Tue, Jun 03, 2008 - Page 19 News List

Contador completes Tour of Italy victory in streets of Milan

AFP , MILAN, ITALY

Scotland's David Millar is applauded by a fan as he pedals through the streets of Milan during the 28.5km 21st individual time trial stage of the 91st Giro d'Italia on Sunday. Italian Marco Pinotti won the stage, while Spanish rider Alberto Contador won the Giro overall.

PHOTO: EPA

Spain’s Alberto Contador of the Astana team won the Tour of Italy on Sunday following the final stage, a 28.5km time trial won by Italian Marco Pinotti of High Road.

The Spaniard snapped an 11-year Italian winning streak in the event — Russia’s Pavel Tonkov was the last non-Italian to lift the crown in 1996 — to also triumph in his first showing here at the age of 25 as he came in ahead of a trio of home hopes.

Contador, the Tour de France champion, was never in danger of losing his 4 second overnight lead over SDV challenger Riccardo Ricco of Italy, who struggled on the final day, as he added another major race win to his burgeoning portfolio to ease the pain of having to miss the Tour de France.

“I respect their [the organizers’] decision not to invite us, even if I don’t share it. I don’t think they will change their mind,” said Contador, who did not land a stage win throughout, but showed great consistency through three weeks of racing starting at Palermo on May 10.

“I was only told I was in a week beforehand,” said the champion, whose Astana team was only invited officially a few days before the start, having initially been barred by the organizers after being plagued by doping scandals.

Organizers of the Tour de France, run by the Amaury Sports Organization (ASO), said earlier this year that the doping scandals that plagued Astana at last year’s French race had left them with little choice, despite the team undergoing a mass clear-out. The team’s former leader, Alexandre Vinokourov, was fired after testing positive for a blood transfusion during last year’s Tour de France. Weeks after the Vinokourov controversy, his fellow Kazakh Andrey Kashechkin also tested positive for blood doping. Other teams riders, including Matthias Kessler and Eddy Mazzoleni, were also involved in doping affairs.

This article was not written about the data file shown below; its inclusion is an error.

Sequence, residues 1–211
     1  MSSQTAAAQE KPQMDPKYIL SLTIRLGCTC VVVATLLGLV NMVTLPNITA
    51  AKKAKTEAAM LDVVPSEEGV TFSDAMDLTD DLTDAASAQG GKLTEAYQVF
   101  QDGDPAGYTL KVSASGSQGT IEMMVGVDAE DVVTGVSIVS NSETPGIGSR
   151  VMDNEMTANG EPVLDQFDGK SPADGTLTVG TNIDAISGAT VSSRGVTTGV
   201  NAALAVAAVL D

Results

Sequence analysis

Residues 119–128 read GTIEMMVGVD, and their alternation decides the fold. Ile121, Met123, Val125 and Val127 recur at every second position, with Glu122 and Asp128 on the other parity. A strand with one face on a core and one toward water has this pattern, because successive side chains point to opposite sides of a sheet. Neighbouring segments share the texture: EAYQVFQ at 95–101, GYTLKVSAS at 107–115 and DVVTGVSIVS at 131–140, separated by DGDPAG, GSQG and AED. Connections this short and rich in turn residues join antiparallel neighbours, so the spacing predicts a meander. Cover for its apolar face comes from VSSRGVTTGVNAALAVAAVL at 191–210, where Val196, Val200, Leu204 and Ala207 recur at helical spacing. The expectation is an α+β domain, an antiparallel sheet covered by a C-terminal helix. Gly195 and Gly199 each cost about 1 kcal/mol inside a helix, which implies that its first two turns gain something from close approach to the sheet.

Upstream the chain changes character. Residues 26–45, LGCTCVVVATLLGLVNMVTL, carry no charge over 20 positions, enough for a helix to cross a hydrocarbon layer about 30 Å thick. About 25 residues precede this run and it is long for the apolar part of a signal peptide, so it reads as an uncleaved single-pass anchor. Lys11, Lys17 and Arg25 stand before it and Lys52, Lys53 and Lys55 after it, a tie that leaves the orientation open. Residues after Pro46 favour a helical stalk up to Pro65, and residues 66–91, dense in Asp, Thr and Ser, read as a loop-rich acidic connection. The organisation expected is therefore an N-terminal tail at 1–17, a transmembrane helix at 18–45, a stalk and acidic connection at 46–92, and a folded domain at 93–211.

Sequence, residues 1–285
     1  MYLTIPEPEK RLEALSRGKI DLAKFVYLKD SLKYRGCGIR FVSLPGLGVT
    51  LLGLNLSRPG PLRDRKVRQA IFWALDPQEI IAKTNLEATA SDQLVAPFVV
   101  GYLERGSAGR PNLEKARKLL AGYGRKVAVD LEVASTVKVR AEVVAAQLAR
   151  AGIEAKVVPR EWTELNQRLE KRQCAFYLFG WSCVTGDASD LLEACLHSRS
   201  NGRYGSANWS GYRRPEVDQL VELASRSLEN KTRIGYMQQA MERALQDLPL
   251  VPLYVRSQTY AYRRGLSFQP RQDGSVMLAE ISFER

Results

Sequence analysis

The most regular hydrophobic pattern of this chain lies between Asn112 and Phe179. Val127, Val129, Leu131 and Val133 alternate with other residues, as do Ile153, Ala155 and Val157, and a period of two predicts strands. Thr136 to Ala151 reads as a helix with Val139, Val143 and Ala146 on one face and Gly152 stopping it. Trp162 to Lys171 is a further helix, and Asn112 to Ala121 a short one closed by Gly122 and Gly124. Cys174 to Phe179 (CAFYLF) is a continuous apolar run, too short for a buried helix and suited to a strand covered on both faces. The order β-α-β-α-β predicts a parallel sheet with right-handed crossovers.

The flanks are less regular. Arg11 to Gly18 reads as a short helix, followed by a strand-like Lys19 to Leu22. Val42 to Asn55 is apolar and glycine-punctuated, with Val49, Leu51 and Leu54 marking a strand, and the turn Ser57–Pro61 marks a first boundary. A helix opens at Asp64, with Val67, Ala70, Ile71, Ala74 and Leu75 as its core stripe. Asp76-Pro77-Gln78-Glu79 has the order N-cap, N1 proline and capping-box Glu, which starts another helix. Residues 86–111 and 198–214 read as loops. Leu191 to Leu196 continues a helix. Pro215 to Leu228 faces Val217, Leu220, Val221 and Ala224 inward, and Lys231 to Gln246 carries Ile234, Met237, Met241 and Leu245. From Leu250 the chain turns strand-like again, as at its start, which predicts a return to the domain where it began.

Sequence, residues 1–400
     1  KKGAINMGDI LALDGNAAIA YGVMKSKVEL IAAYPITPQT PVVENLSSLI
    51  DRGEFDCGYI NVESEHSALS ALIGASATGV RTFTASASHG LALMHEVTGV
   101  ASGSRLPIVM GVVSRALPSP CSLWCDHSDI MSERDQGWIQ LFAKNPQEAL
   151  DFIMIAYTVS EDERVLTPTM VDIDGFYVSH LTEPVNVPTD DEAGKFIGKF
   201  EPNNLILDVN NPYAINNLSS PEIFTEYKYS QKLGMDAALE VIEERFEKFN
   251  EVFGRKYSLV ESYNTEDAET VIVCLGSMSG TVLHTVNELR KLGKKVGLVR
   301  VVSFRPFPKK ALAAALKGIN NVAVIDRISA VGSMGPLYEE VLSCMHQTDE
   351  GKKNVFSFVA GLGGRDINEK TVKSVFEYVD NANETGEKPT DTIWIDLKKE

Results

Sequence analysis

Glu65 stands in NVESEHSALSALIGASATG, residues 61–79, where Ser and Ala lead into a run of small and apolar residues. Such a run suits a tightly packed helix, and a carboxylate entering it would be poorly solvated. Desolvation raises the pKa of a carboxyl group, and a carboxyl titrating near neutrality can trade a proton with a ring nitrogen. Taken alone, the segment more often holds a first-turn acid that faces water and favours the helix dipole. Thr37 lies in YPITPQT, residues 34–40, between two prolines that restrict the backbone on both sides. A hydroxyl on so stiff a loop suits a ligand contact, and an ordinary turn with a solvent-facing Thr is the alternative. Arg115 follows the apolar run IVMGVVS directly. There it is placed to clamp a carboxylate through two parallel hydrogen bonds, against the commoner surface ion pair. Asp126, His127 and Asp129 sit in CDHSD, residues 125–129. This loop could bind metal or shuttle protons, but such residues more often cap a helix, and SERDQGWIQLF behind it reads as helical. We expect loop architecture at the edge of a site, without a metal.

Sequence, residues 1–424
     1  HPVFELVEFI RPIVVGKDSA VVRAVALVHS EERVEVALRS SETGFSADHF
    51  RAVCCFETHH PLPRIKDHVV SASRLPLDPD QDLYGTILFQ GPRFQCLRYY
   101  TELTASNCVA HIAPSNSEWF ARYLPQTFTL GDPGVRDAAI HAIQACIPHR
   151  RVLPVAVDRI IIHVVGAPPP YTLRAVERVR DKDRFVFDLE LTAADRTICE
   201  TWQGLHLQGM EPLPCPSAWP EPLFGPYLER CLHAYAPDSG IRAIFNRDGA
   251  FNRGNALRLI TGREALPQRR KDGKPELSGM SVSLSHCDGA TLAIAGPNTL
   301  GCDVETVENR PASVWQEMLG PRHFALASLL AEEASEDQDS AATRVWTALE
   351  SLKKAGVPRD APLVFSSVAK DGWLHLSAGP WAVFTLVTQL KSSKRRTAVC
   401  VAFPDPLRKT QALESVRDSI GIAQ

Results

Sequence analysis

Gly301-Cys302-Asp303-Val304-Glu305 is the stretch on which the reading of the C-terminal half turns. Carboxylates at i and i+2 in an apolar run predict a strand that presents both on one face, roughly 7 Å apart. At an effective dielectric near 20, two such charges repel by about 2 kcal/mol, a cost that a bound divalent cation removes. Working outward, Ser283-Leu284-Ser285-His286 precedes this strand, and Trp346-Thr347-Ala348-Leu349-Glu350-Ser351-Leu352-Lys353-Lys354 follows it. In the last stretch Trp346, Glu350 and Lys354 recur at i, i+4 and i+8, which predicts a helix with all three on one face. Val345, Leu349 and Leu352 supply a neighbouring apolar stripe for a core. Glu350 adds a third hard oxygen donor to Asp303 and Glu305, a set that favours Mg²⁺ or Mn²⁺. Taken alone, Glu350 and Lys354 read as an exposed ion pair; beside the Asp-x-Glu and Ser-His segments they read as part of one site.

Unlike the French, the Italians relented and finally allowed Astana in. Contador said the mountains had been tough.

“I had a hard time of it at Alpe de Pampeago, the day before tackling the Marmolada. It was only after the Marmolada, when I had donned the pink jersey, that I really believed I could win it,” he said. “I had to keep my mind on the job and be reflective, and I managed it. Having bagged the pink jersey, that helped me a lot and was a blow to the others.”

Contador said he had been surprised by his season.

“When I knew we weren’t going to the Tour de France, the goals changed,” he said. “I don’t know what will happen regarding the Tour of Spain, but I think this season is better than if I had won the Tour a second time. It was worth breaking off my holidays to come to win this one in Italy.”

Contador said he believed the Tour was the tougher to win.

“Why? Because it is a race you have to prepare for months,” he said. “Last year, I was just empty at the end of the Tour, whereas here I lived from day to day.”

Ricco held on to second spot, but his efforts on the final day saw him end up 1 minute, 57 seconds adrift, while Marzio Bruseghin was third, 2 minutes, 54 seconds off the pace as he booted compatriot Franco Pellizotti off the overall podium by 2 seconds. Outgoing champion Danilo Di Luca finished eighth after giving Contador a run for his money in the penultimate mountain stage.

A steeper than usual 91st edition was marked by rainy conditions and gave the sprinters relatively little room to shine, whereas Italian climber Emanuele Sella bagged three stage wins.

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